Since the 19th century, the two cities have used the Amur River that divides them as a route for trade, commerce, social connection and a growing relationship between them.

The cable car project will be an expression of the historical connection between these two cities, and our winning design for the Blagoveshchensk terminal aims to support this.

The building takes this connection as inspiration for the organisation of programmes, materialisation, spatial quality and curated views. Its shape also makes maximum use of the rooftop, creating a space to greet and farewell passengers, as well as an elevated urban park where art and sculptures can be displayed overlooking the whole of the Golden Mile river-scape.

Find out more about the project here.

Gothenburg Cable Car, Sweden

Sustainability and environmental impacts as key elements

UNStudio’s design for the Gothenburg Cable Car was a 3km-long route featuring four stations and six towers spread across one line. The specific position of the route was chosen to provide the shortest and fastest connections between the old city in the south and the neighbourhoods north across the Gota river.

The route was also designed as an integrated solution, linking to a bus and tram transfer node in the existing public transport network.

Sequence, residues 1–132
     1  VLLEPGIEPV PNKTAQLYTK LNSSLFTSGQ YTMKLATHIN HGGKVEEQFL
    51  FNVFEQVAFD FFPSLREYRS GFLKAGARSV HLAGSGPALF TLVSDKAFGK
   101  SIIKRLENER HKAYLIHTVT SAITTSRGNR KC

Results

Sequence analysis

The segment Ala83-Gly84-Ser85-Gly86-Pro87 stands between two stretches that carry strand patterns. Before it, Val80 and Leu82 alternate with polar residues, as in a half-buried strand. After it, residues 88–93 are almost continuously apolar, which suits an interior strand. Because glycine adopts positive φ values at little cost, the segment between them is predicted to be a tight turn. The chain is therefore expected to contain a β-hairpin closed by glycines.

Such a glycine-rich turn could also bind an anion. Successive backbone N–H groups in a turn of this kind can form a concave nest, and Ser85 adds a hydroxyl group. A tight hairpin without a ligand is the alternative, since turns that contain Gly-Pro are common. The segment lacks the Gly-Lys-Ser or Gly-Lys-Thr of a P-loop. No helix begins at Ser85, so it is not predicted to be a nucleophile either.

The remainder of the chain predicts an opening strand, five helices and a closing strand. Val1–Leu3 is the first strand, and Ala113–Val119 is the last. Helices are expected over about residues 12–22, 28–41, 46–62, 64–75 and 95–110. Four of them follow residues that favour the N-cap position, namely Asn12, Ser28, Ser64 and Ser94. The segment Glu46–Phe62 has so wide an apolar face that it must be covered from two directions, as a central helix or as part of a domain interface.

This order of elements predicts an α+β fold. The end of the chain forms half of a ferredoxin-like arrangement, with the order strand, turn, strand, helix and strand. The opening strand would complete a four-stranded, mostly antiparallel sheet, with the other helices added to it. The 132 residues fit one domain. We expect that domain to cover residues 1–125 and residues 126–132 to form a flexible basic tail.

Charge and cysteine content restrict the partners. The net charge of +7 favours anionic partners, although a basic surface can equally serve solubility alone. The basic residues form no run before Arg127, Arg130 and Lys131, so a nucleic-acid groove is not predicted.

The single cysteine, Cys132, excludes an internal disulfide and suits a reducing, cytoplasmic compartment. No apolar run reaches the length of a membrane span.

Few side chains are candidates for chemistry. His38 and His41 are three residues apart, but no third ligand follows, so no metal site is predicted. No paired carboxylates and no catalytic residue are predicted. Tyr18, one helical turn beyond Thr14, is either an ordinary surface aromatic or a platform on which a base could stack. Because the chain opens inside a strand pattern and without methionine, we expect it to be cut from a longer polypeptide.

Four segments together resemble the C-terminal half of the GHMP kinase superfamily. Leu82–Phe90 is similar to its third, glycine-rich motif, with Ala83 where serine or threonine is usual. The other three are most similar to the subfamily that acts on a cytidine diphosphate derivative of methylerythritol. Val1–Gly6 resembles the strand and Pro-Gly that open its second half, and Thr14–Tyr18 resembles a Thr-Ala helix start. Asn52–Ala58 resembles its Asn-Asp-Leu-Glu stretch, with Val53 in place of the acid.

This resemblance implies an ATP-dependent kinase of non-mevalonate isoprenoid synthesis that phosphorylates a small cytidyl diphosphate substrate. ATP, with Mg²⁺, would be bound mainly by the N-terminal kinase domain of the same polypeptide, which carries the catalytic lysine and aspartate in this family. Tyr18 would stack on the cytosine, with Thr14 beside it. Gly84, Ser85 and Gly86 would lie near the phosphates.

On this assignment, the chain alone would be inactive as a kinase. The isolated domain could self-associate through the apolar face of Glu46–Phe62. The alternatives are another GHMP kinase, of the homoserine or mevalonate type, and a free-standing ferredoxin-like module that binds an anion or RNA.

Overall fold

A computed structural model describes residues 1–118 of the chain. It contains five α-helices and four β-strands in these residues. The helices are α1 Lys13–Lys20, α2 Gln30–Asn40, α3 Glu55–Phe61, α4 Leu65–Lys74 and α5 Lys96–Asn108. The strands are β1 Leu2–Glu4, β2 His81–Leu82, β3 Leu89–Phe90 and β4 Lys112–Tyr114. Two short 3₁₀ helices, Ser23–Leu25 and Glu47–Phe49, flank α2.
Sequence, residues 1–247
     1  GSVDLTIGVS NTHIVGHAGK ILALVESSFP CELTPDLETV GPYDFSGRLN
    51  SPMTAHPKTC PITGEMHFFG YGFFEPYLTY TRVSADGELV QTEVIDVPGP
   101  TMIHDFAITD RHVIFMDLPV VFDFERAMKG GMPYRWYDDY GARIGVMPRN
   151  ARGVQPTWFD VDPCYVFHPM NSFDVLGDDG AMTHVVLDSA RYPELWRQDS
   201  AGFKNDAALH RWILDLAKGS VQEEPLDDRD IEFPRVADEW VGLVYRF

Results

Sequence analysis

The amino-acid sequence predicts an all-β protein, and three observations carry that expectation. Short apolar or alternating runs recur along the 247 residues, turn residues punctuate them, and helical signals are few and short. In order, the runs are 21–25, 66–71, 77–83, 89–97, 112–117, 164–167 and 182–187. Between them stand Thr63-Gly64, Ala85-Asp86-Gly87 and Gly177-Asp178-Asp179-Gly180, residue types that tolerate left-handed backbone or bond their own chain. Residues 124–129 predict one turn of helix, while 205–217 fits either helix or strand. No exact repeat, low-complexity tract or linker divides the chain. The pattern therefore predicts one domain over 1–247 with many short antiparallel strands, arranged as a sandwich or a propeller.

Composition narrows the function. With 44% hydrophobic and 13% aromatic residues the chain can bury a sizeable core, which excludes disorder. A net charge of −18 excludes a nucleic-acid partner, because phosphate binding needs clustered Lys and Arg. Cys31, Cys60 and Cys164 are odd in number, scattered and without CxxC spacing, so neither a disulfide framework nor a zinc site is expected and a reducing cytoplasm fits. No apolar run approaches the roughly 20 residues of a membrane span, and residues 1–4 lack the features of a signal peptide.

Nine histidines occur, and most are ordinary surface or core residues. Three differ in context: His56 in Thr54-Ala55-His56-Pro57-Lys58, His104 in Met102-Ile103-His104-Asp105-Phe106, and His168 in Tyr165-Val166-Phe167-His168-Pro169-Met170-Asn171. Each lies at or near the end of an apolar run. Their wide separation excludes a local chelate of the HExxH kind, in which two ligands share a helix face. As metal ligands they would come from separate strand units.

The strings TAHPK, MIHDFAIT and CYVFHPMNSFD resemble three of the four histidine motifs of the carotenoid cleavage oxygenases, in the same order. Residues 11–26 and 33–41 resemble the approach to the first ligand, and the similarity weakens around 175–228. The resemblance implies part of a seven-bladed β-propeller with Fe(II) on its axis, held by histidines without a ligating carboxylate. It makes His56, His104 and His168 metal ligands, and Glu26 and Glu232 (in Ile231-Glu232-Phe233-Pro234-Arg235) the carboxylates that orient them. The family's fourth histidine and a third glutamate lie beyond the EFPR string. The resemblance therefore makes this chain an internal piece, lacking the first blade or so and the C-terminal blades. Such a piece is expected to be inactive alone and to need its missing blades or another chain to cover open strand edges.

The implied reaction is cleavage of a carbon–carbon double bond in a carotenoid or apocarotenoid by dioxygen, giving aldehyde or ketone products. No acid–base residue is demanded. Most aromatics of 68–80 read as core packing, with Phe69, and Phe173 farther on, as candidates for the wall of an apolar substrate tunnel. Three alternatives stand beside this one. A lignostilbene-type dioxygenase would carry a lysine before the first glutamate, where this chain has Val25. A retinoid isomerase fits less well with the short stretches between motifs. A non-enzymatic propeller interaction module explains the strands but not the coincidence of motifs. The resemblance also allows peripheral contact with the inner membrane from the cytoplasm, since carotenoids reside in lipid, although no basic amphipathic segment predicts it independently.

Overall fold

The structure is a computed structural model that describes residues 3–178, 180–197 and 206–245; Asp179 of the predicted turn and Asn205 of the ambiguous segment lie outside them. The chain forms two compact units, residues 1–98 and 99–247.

The most visually apparent element of the cable car is its towers, which were designed to be highly visible landmarks that would also define a new skyline for this Swedish city. The towers are inspired (and reference) the steady motion of Gothenburg’s famous shipyard cranes, and are designed to be as light and transparent as possible.

While each station would be unique, they would feature a strong cohesive visual identity to make them clearly recognisable as part of the same system. Designed around principles of natural wayfinding and social safety, they would also become destination points within the city.

Find out more about the design here.

(The project was undertaken by the City of Gothenburg to mark its 400th anniversary in 2021, but after budget constraints arose, decided to not go ahead with the cable car system.)

UPCOMING WEBINAR: Join us on November 24 for a webinar on the future of urban and regional transport, focusing on cable cars, rail stations and hyperloops.

It's the second in our two-part series looking at the future of mobility. The first will take place on November 3, looking at airports and the future of long-distance transport.

Find out more and register your spot here.